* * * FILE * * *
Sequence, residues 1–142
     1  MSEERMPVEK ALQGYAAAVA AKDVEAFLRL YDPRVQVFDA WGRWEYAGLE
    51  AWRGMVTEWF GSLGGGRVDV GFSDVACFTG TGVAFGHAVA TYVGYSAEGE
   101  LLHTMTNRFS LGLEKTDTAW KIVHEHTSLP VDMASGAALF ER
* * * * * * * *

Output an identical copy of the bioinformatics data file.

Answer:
Sequence, residues 1–142
     1  MSEERMPVEK ALQGYAAAVA AKDVEAFLRL YDPRVQVFDA WGRWEYAGLE
    51  AWRGMVTEWF GSLGGGRVDV GFSDVACFTG TGVAFGHAVA TYVGYSAEGE
   101  LLHTMTNRFS LGLEKTDTAW KIVHEHTSLP VDMASGAALF ER